Pennsylvania’s 2021 municipal primary took place yesterday (Tuesday, May 18). Statewide, Pennsylvania officials sent out 820,757 mail and absentee ballots. As of 5/18, voters had returned roughly 69% of these ballots. With vote tallying still ongoing, all results are UNOFFICIAL.
Statewide Ballot Questions
Four statewide ballot questions were on the primary election slate for Pennsylvania voters to decide; including three that would make changes to the state’s constitution. The questions included two specific referendums that address how future state of emergencies will be handled in Pennsylvania.
- Question one asked voters to amend the state constitution to limit all state of emergencies issued by a governor to 21 days. 53.61% voted YES.
- Question two asked voters to give the state’s General Assembly authority to extend or terminate a governor’s initial order. 53.58 % voted YES
- Question three asked voters to amend the state constitution to specifically prohibit restricting or denying a person’s equal rights on the grounds of race or ethnicity. 71.36% voted YES
- The last question asked voters to authorize permission for paid municipal fire and medical rescue companies to apply for loans from a state program that currently provides funding only for volunteer fire and EMS agencies. 72.19% voted YES
Statewide Judicial Races (Candidates leading in RED)
Justice of the Supreme Court: 2021- One Vacancy
- Democrat Maria McLaughlin was running unopposed in the primary and will advance to the General Election.
- Paula Patrick, Kevin Brobson and Patricia McCullough were running for the Republican nomination. Brobson will advance to the General Election.
Judge of the Superior Court of Pennsylvania: 2021- One Vacancy
- Jill Beck, Timika Lane and Bryan Neft were running for the Democrat nomination. Lane will advance to the General Election.
- Republican Megan Sullivan was running unopposed in the primary and will advance to the General Election.
Judge of the Commonwealth Court: 2021- Two Vacancies
- Lori Dumas, Sierra Street, David Spurgeon, Amanda Green Hawkins were running for the Democrat nomination. Dumas and Spurgeon will advance to the General Election
- Republicans Drew Crompton and Stacy Marie Wallace were running unopposed in the primary and will advance to the General Election.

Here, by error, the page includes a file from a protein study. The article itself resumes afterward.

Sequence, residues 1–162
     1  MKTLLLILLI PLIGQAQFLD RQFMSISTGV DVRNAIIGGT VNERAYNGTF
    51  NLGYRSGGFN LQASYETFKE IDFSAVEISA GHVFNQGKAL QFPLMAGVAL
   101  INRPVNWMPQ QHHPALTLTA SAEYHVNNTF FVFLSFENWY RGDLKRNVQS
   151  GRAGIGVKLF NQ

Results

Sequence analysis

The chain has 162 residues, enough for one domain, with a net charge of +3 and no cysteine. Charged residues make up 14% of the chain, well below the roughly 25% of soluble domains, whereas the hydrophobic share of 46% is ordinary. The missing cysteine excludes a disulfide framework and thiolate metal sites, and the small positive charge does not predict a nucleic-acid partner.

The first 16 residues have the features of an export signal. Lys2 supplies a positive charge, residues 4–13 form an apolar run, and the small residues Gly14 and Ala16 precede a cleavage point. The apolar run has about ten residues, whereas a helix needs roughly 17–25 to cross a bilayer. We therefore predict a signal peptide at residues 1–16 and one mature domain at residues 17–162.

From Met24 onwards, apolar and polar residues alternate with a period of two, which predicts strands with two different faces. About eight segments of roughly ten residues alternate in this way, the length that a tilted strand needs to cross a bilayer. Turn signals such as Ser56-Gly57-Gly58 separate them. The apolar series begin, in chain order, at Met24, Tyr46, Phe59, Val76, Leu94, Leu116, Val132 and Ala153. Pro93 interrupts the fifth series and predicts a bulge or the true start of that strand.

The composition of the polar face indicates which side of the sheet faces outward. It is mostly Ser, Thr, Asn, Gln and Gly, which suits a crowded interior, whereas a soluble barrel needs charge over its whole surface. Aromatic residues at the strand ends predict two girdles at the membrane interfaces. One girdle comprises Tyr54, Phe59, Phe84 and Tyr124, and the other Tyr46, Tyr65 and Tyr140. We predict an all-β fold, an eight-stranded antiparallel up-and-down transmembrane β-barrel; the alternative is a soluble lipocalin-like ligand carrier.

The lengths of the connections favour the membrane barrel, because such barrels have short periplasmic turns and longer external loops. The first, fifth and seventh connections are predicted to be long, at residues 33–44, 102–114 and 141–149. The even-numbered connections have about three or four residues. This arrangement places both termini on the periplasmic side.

Special Elections- State House & State Senate (Candidates leading in RED)
Four special elections were held during the primary to fill vacant seats in the General Assembly. Once election results are certified, the winners will be sworn-in and immediately take over the vacant seat.
- A special election was held for the 59th House District left vacant after the death of state Rep. Mike Reese, R-Mt. Pleasant. The district includes parts of Westmoreland and Somerset counties. Democrat Mariah Fisher, Republican Leslie Baum Rossi and Libertarian Robb Luther were on the ballot. The unofficial winner is Leslie Baum Rossi.
- A special election was held in the 60th House District left vacant after the retirement of Rep. Jeff Pyle, R-Ford City. The district includes parts of Armstrong, Butler and Indiana counties. Republican Abby Major, Democratic Frank Prazenica, and Libertarian Andrew Hreha were on the ballot. The unofficial winner is Abby Major.
- A special election was held in the 48th Senate District left vacant after the death of Sen. Dave Arnold. The district includes Lebanon and parts of Dauphin and York counties. Republican candidate Christopher Gebhard, Democrat Calvin Clements, Independent Ed Krebs and Libertarian Tim McMaster were on the ballot. The unofficial winner is Christopher Gebhard.
- A special election was held in the 22nd Senate District left vacant after the retirement of Sen. John Blake, D. The district includes parts of Lackawanna, Luzerne and Monroe counties. Republican Chris Chermak, Democrat Marty Flynn (current state representative), Libertarian Nathan Covington and Green Party Marlene Sebastianellli were on the ballot. The unofficial winner is Marty Flynn.
County/local Races Receiving Statewide Attention
- In Allegheny County, Pittsburgh voters headed to the polls to choose their party’s candidate for Mayor. Shortly after midnight, Pittsburgh Mayor Bill Peduto conceded defeat to state Rep. Ed Gainey in a four-way Democratic primary race for mayor, positioning Gainey to become the first Black mayor in the city’s history.
- In Dauphin County, there was a 5-way contest for the Democrat nomination for Harrisburg mayor. Incumbent Mayor Eric Papenfuse, seeking a third term, City Council President Wanda Williams; former city Councilman Otto Banks; retired media executive Dave Schankweiler; and Kevyn Knox. The sole candidate on the Republican ballot is businessman Timothy Rowbottom. The unofficial winner of the Democrat primary is Wanda Williams. As of this 11a.m. this morning, Williams was holding a 56 vote lead over Papenfuse.
- In Philadelphia, voters picked their party nominee for district attorney, city controller, and several judgeships. Incumbent DA Larry Krasner will win the Democrat nomination for District Attorney.